During a report on the 2000 Census, we told you that the city of Cleveland Heights lost residents over the past decade, and the city's disputing that. But the census figures released last month also shed light on the ethnic makeup of the city. 90.3's Janet Babin reports.
Janet Babin- Census 2000 claims that Cleveland Heights lost people during the last decade. The white population fell, while the number of African American residents increased. The new figures show that more than 41% of the population is African American. About 52% are white, and under 2% are Latino, Asian or of two or more races or ethnic groups.
While Mayor Ed Kelly continues to dispute the Census count, he says the demographic numbers paint an accurate picture of his city:
Ed Kelly- I always say we are the most diverse city in the U.S. There's a little bit of everything here.
JB- Kelly and other officials say the city's diversity is one of its highlights, which feed the flourishing business districts.
The Stone Oven Bakery Shop is buzzing with activity even on a weekday morning after rushhour. The Lee Road eatery is nestled between mixed neighborhoods filled with older, well kept homes. Over coffee, Cedar-Lee Merchants Association leader Joan Costello attributes the brisk business in this section of town to residents looking for a sense of community.
Joan Costello- This is the type of community other communities want to emulate. We have a great diversity of population, close tight neighborhoods -- places you can walk to with your kids.
JB- Cleveland Heights Vice Mayor Ken Motlack agrees.
Ken Motlack- This place is a place where people appreciate other types of folks. We have a great diversity of housing here.
JB- But one of the Stone Oven's owners, John Emersen, says he'd like to see more diversity in his store.
John Emersen- Most of my customers are white, while I certainly have some African American customers.
JB- Emersen's anecdotal observations don't surprise John Logan, a sociologist at the State University of New York at Albany. Professor Logan headed up a racial analysis of the 2000 census data. He found that the Greater Cleveland area, and other Rust Belt cities like Detroit, Chicago and Milwaukee, were among the top ten most segregated areas by neighborhood.
John Logan- The very high level of Black/White segregation already felt in these areas fropm the 1940's and 1950's remains virtually unchanged today.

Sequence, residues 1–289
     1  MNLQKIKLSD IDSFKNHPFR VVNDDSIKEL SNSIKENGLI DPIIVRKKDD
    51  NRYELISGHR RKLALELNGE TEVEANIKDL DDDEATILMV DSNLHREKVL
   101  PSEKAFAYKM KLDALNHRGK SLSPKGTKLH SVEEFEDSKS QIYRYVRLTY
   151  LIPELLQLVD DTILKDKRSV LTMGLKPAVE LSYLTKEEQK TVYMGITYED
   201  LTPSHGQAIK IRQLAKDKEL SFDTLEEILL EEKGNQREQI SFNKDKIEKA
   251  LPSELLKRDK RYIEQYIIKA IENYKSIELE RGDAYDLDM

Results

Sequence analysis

JB- Logan says that while people usually are pleased by the diversity of Cleveland Heights and Shaker Heights, the census numbers are also indicative of segregation.
JL- The concentration of African Americans in Cleveland Heights is correspondent part is the absence of African Americans in other suburbs in the region.
JB- Nearby Shaker Heights population is about 60% white, the rest of the population is mostly African-American. But as Logan predicted, the city of Lakewood, a western Cleveland Suburb, is 97% white, and Westlake is 93% white.
Logan says the saddest part of his data is that in areas where there are a disproportionate number of blacks, services are more limited, schools are subpar, and the crime rate is higher.
JL- African Americans usually live in communities with higher crimes rates and fewer city services. The crime rate is double that of white neighborhoods.
JB- But that doesn't appear to be the case in Cleveland Heights. According to recent (1997, released in November 1998) FBI Uniform Crime Reports, the number of violent crimes in Cleveland Heights was just 38, compared to the similarly-sized, 97%-white-city of Lakewood, which had 163 violent crimes.
Shaker Heights is another example of a mixed-race community that doesn't fit the model. City spokeswoman Leslie Grodin says there isn't always a correlation between integration and crime. Grodin says crime in Shaker Heights continues to decrease, as integration rises.
Since the 1960's several east side suburbs have run housing programs that offer incentives to renters and buyers, if they make pro-integrative relocation choices. Grodin says in 2000, 260 people called the city looking to buy a home. Of those calls, about 25% took part in the housing incentives program.
But the perception that neighborhoods remain divided inside pockets of diversity lingers. Still, Cleveland Heights Vice Mayor Ken Motlack scoffs at the notion that cities could do more to even out the racial mix:
KM- We considered in City Council passing a law that required every other house on every other street to be... if folks tend to congregate one way or another it's really fine.
JB- There's no indication that city integration incentives or programs are really working: Logan's research points out that the average white suburbanite in the U.S. lives in a neighborhood that is 80% white and 7% Black, virtually unchanged since the last census in 1990. In Cleveland, Janet Babin, 90.3 WCPN.